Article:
So it would appear that Clegg was telling the truth after all.

  • Conservative 22nd Jun '10 - 7:22pm

    @Robert
    Thank you that clarifies things perfectly for me – your candour is much appreciated. No doubt we will continue the fight against the socialist left even when in alliance with you. Here’s to the next uneasy months or however long this horrendous coalition lasts (although I did like you tax cut policy for the poor, we Conservative activists were nodding in approval).

  • on the 9th of feb 2010 w c a came into force and people on dissabillity allowance were to be reassessed so how can something be put into place that already exist i was reassessed only a few months ago 2years before i was due for it do i have to go through it all again do they think i have had some miracle cure in the last few months

  • toryboysnevergrowup 22nd Jun '10 - 9:42pm

    “As for lying down with dogs, Liberal Democrats are not only aware of the fleas of the Conservative Party, but also the lice of the Labour Party.”

    Ah you just cannot stop those LibDems trying to play Punch and Judy at the same time – its in their DNA unlike Keynes and Beveridge.

  • toryboysnevergrowup 22nd Jun '10 - 9:53pm

    Paul McKeown 6:52

    You numpty the changes in the chart at A2 are ALL changes – i.e they include those from LAbour budgets – if you read the text you will see that these were offset by Condem changes. And the reality is that the spending cuts which are much greater will hit those in the lower deciles harder than those in the top 2 deciles. I suspect that the overall impact of this budget will be the same old Tory story – many thanks to the Lib Dems!

  • @KL,

    No, not a Labour troll. I genuinely voted Lib Dem in May as I though they were a genuine change from the old “Labservatives” as the Lib Dems. I had decided to vote for them before the debates but the debates cemented my decision. That is why I feel rather betrayed today. People on here are arguing that having the Lib Dems in Government has blunted the worst of the Tories. So the pathetic CGT rise, the attack against single parents, harking back to the bad old days of the Tories in the 90’s are examples of the Lib Dems “influence”? Or how about the pathetic 2billion tax on the bankers and no tax on bonuses. The banks piss that amount away in champers every year. How about your parties strong opposition to a VAT rise? Wonder what happened to that?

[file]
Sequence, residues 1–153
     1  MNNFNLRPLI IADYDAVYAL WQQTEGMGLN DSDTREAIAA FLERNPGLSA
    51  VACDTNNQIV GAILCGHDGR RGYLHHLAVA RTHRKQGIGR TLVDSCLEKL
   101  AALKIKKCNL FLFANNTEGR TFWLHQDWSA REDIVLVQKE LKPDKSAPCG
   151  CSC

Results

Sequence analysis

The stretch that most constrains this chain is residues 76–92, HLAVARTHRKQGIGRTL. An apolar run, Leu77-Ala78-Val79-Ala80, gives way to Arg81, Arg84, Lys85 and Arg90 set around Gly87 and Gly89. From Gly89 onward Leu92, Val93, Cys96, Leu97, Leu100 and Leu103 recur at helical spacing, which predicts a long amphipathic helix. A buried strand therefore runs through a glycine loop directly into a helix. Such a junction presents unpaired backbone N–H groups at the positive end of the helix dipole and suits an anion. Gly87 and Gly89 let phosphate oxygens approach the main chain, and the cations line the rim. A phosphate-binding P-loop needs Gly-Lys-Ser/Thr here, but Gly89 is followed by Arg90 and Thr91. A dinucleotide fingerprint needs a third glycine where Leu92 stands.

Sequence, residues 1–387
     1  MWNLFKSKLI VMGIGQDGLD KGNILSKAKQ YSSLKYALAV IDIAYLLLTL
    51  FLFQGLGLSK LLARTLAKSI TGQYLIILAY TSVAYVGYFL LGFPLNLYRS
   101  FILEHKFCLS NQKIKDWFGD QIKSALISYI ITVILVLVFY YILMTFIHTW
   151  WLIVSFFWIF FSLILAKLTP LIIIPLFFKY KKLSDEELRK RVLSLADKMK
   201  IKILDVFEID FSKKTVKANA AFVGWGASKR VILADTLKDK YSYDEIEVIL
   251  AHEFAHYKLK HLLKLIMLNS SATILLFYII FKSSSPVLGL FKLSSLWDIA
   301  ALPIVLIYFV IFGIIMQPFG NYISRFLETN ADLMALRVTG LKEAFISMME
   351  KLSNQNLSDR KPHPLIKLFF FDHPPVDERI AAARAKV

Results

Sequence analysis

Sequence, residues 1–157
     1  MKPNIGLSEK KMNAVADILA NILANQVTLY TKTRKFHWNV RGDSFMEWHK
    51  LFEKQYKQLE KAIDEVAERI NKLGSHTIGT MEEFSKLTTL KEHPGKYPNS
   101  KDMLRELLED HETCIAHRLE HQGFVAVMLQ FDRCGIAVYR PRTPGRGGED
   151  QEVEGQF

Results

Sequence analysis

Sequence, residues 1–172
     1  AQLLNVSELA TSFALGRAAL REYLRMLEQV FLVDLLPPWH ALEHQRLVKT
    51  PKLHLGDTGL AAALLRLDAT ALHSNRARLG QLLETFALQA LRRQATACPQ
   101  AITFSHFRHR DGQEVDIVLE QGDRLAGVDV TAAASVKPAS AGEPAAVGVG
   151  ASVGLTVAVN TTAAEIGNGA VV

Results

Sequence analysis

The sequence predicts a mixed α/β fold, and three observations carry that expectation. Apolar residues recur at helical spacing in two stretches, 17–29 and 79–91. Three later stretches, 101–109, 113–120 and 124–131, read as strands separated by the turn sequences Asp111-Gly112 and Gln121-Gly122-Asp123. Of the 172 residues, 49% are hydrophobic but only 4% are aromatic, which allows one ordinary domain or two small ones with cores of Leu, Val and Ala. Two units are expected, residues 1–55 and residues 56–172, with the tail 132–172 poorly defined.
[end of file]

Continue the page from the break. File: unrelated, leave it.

I have never and will never vote Tory as I happen to have a soul, and have voted Labour once (Blair, 97. Big mistake). But I liked the Lib Dems AS THE LIB DEMS, not as the crypto right wing sell outs they have become. When the real fun begins in Sep/Oct when the Government is gutted to the bone to the Tories ideological delight I really do hope that some of those 57 develop a backbone, because they are spineless today.

  • Anthony Aloysius St 22nd Jun '10 - 10:10pm

    “You numpty the changes in the chart at A2 are ALL changes – i.e they include those from LAbour budgets – if you read the text you will see that these were offset by Condem changes.”

    Unfortunately that chart shows pretty much the opposite of what Paul thought. It shows that everyone is going to be worse off as a result of these changes, and the percentage decrease in net income will be greatest not only for the two richest deciles but also for the poorest decile. And we must also remember that the average change for the poorest decile will include quite a big boost from the rise in child tax credits. The poor who aren’t eligible for these are going to be hit quite hard.

    But more significantly, this is only to consider the relatively small changes in taxes and benefits announced today. On top of that will be the huge cuts in public spending that are planned. If that could be done without hurting the poor, it would be a miracle, to put it mildly.

  • Robert Gaunt 22nd Jun '10 - 10:18pm

    I think the budget 2day was facinating and respectable it gives people something 2 think on about what might happen in the future and when that guy from the lib dems was talking 2 Laura Gosling from bbc news ‘what he said 2 her was right the stuff that lib dem guy said was agreeable as some might say and respectable too.